K.D. Sharma, J.
1. This is a reference made by the learned Additional Sessions Judge, Tonic with a recommendation, that the order of the learned Munsiff-Magistrate, Tonk dated 6-12-1971 directing the personal appearance of Mst. Kesar, Ladi, Kamla, Shanti and Prehladi petitioners in his Court for the purpose of their examination under Section 342, of the old Code of Criminal Procedure, be quashed and the learned Magistrate be directed to proceed with the trial of the case without recording their statements under the aforesaid section.
2. The reference arises under the following circumstances:
The petitioners along with Radhey Shyam and Satya Narain, co-accused, have been prosecuted for the offences punishable under Sections 451, 147 and 323, I. P. C. in the Court of the learned Additional Munsiff-Magistrate, Tonk on basis of a report lodged with the police by Brij Mohan S/O Ganesh Lal Mahajan, resident of Pipalu. The learned Magistrate, upon consideration of all the documents referred to in Section 173, and after giving the prosecution and the accused an opportunity of being heard, framed charges in writing against each petitioner under Sections 147, 323 and 451, I. P. C. He, however, granted exemption from personal attendance to the petitioners upon an application made to him by them in this behalf on 30-5-1967. Thereafter, the learned Magistrate recorded the prosecution evidence in the presence of the petitioners' pleader, and on 6-12-1971 directed the personal attendance of the petitioners in the Court for the purpose of their examination under Section 342, Criminal P. C. Aggrieved by this order, the petitioners filed a revision petition in the Court of the learned District Magistrate; from where it was transferred to the Court of the learned Additional Sessions Judge, Tonic vide an order dated 13-9-1972. The learned Additional Sessions Judge after hearing the parties was of the view that the object of Section 342, Criminal P. C. is to enable the accused to explain any circumstances appearing against him in the evidence, and that if the accused, whose personal attendance in the Court has been exempted, is not willing to appear in the Court for being examined under Section 342, Cri. P. C., he cannot be compelled by the Court to appear in person for the purpose of his examination. Hence, he has made this reference.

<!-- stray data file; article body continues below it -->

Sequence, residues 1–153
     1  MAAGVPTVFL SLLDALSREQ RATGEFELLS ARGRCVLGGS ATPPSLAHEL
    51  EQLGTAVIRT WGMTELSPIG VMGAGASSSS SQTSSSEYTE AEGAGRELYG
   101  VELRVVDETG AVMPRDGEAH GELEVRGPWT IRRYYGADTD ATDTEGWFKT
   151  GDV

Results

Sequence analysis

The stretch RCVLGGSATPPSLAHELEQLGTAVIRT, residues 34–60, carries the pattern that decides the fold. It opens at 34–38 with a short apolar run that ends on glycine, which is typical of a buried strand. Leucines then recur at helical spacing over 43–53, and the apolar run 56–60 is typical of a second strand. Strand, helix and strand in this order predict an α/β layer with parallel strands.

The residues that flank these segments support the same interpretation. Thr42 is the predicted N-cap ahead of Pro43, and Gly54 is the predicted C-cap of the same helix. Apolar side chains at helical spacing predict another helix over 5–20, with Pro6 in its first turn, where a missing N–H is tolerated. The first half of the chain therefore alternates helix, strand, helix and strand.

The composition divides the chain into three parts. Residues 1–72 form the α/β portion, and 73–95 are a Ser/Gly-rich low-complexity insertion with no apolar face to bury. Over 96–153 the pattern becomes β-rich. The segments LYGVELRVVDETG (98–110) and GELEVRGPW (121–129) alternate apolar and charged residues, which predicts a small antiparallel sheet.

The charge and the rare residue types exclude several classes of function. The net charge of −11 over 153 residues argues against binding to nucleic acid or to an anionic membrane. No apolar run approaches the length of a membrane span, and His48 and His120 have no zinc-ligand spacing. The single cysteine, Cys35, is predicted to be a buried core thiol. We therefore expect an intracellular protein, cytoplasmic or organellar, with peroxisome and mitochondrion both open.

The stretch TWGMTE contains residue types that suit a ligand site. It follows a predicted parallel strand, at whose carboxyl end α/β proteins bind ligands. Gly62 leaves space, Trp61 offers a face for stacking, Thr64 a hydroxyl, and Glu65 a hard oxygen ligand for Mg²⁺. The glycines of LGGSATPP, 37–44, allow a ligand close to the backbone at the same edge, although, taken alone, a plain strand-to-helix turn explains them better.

3. I have carefully gone through the record, and heard Mr. V. S. Dave for the petitioners, and Mr. G. A. Khan appearing on behalf of the State. It is not disputed be fore me that the learned Magistrate trying the case may, in his discretion at any stage of the proceeding, order the personal attendance of the petitioners for any particular purpose. Sub-section (2) of Section 205, of the old Code of Criminal Procedure empowers the Court to require the personal attendance of the accused who has been allowed to appear by Pleader, if the Court thinks it necessary or desirable that his presence is required for a proper conduct of the case. The contention of the petitioners before me is that where the personal attendance of the accused has been dispensed with, it is not obligatory on the Magistrate to enforce their personal attendance for examination under Section 342, Criminal P. C. especially when the petitioners do not want to appear in the Court for the purpose of making a statement after the close of the prosecution evidence. Mr. G. A. Khan appearing on behalf of the State on the other hand contended that the mere fact that the petitioners are Pardanasin ladies does not entitle them to claim exemption for all the time during the course of trial, even if their presence is required by the Court to enable them to explain any circumstances appearing against them in the evidence and to determine the question of their guilt.